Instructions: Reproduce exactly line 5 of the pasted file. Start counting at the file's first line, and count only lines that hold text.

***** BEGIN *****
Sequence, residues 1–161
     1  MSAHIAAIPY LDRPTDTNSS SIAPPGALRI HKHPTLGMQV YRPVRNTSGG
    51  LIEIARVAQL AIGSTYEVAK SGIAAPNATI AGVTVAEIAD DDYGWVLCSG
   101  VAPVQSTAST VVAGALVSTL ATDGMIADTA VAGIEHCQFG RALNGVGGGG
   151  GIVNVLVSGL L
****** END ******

   151  GIVNVLVSGL L